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Next Generation: Rookie Rankings Part I

April 18, 2008 | By Steve Simon | comment on this post
Glen Rice's first season was similar to that of Al Thornton's.
Could Clipper rookie Al Thorton’s career follow the path of former Clipper Glen Rice? (David Tuman/Daily)

As the curtains close on the 2007-2008 NBA season, Next Generation reflects on the top ten freshmen. Working backwards to build the greatest suspense possible, Part One deals with the rookies that rank ten through six. Part Two will cover the top five, which includes the rookie of the year. Note that we’ve taken into consideration our perspective of the player’s long-term impact when compiling these rankings.

Drum roll please…

10. Al Thornton, LAC – Thornton came on strong after the All-Star break, averaging 16.4 PPG. He actually ranks lower on this list because at 24 years of age, he is slightly older than most others and I’m uncertain just how much better he will get.

His rookie season looked similar to the 1989-1990 rookie season of Glen Rice.

Rice: .439 FG%, .734 FT%, 13.6 PPG, 4.6 RPG, 1.8 APG, 0.9 SPG, 0.4 BPG, 0.2 3PG
Thornton: .430 FG%, .743 FT%, 12.7 PPG, 4.5 RPG, 1.2 APG, 0.6 SPG, 0.5 BPG, 0.5 3PG

Thornton is a fantastic athlete that can score, but takes a lot of shots to get his points. It remains to be seen how he will manage alongside a healthy Elton Brand, Chris Kaman and Tim Thomas – um, well, maybe just Brand and Kaman.

9. Jeff Green, SEA – Yes, his 27-point, ten-rebound performance in his last game of the season was a gem. Yet, as I’ve previously written about Green, he reminds me of Richard Jefferson. RJ, like Green, came into the league at 21 years of age; both are known for their all-around game and superior athleticism; and both were traded on draft day. When comparing their rookie seasons, you can see just how similar their games actually are:

Green: .429 FG%, .744 FT%, 10.5 PPG, 1.5 APG, 0.6 SPG, 0.6 BPG, 0.3 3PG
Jefferson: .457 FG%, .713 FT%, 9.4 PPG, 1.8 APG, 0.8 SPG, 0.6 BPG, 0.2 3PG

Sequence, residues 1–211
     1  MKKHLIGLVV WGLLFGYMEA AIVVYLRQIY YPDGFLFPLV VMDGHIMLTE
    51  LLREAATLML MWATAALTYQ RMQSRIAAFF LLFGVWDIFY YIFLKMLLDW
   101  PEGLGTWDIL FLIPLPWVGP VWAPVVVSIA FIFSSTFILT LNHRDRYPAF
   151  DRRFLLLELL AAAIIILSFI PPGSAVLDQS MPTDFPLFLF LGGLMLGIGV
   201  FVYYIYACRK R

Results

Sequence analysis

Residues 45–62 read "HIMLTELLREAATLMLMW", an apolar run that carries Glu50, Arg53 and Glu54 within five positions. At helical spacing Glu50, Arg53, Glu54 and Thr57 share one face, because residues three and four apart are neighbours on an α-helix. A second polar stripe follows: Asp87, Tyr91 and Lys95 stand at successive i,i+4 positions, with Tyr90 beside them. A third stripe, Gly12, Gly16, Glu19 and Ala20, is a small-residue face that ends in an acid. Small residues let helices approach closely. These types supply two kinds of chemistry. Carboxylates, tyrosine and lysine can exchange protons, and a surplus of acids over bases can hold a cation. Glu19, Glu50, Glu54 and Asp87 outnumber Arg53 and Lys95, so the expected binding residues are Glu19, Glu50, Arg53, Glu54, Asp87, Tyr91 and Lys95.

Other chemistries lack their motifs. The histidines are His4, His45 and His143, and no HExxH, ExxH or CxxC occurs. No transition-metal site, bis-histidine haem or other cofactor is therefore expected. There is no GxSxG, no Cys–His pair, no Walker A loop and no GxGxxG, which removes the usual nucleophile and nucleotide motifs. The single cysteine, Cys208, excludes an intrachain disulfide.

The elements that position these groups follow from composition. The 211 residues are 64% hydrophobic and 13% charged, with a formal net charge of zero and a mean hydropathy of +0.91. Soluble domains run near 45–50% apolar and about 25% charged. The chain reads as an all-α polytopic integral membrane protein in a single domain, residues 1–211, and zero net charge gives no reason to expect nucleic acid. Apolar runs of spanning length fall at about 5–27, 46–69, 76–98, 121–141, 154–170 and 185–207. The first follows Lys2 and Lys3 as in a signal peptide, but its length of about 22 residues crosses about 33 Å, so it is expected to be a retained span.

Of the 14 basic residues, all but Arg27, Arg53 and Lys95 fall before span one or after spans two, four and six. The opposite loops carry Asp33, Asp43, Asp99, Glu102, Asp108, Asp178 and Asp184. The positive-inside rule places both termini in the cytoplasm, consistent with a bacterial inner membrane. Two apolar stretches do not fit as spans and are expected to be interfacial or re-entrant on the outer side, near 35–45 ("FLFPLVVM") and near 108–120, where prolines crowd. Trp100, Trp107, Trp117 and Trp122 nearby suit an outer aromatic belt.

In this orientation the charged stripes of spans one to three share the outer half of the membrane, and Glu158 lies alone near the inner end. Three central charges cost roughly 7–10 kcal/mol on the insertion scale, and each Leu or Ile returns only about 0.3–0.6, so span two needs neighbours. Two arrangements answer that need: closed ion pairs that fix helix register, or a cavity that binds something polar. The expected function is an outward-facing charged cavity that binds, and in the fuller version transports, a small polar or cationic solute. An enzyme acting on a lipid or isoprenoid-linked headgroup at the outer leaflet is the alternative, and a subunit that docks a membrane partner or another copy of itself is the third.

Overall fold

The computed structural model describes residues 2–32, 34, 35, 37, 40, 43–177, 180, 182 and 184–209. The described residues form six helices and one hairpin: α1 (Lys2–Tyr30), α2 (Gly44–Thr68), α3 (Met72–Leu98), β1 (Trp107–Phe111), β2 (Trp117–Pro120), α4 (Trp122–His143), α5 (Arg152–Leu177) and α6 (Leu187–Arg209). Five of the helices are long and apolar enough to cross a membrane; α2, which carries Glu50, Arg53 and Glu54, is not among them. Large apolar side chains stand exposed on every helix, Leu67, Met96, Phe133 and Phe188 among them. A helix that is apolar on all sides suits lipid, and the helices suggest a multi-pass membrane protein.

So, what does that mean? Assuming that Green’s career takes a similar path as Jefferson’s has, the Sonic youngster will have much more value to his NBA team than he will to fantasy basketball teams. While Jefferson’s range has greatly improved over the years, his lack of steals, rebounds or threes from the forward position leaves a lot to be desired. I have little confidence that Green can do much better than Jefferson, and that means, at best, a $20 fantasy basketball player two to three years down the line.

8. Yi Jianlian, MIL – It’s tough to defend the post All-Star numbers, in which he averaged only 5.0 PPG and 3.5 RPG. However, there are some things to like about Yi. Athletic seven-footers with precision from the outside don’t come around often, and the potential is there for Yi to contribute in virtually every category. The best reason to hold onto Yi in keeper leagues is the similarities of the 1998-1999 season of Dirk Nowitzki, at which point both players entered into the NBA at 20 years of age (we think).

Nowitzki: .405 FG%, .773 FT%, 8.2 PPG, 3.4 RPG, 1.0 APG, 0.6 SPG, 0.6 BPG, 0.3 3PG
Jianlian: .421 FG%, .841 FT%, 8.6 PPG, 5.2 RPG, 0.8 APG, 0.5 SPG, 0.8 BPG, 0.1 3PG

Thanks to his 7′4″ wingspan, Yi’s steals and rebound contributions should continue to rise as he becomes more accustomed to the NBA.

7. Joakim Noah, CHI – Noah recently delivered a stellar five-game stretch in which he averaged 12.6 points, 8.8 rebounds, 2.4 blocks and 1.2 steals, along with a 56.1 FG percentage and 89.5 FT percentage. Most recently, his 18-point, 15-rebound and four-block performance might have been the “Noble One’s” way of crashing the party. A talented passer and a relentless rebounder, Noah stood to gain the most when the Bulls found someone crazy enough to take Ben Wallace’s sizable contract and diminishing skills (thank you, Danny Ferry).

The most positive indication that Noah will contribute regularly is the averages he posted in the month of April – 10.4 PPG, 6.5 RPG, 1.6 SPG and 1.4 BPG while shooting over 50 per cent from the field. His rookie season mirrors last year’s rookie season of Paul Millsap.

Millsap: .525 FG%, .673 FT%, 6.8 PPG, 5.2 RPG, 0.8 APG, 0.8 SPG, 0.9 BPG
Noah: .482 FG%, .691 FT%, 6.6 PPG, 5.6 RPG, 1.1 APG, 0.9 SPG, 0.9 BPG

Noah’s progression, just like that of Millsap’s, will ultimately be determined by playing time and where he ranks on the depth chart.

6. Thaddeus Young, PHA – The rookie from Georgia Tech has turned the proverbial corner since Kyle Korver was traded to the Utah Jazz. Turning the keys of the offense over to Louis Williams would create an up-tempo style of play in which the athletic Young would thrive, with more opportunities to beat his man down the floor for easy buckets. Young is missing an outside game, yet still achieved a field goal percentage of 53.8. Just to give you a taste of next year’s potential, he played 35 minutes in the regular season finale and posted 18 points, five assists, four rebounds, two steals, two three-pointers while shooting 58.3 per cent from the floor and going perfect from the line.

Stay tuned for the top five, and feel free to e-mail me with your top five. I’ll gladly debate your selections.

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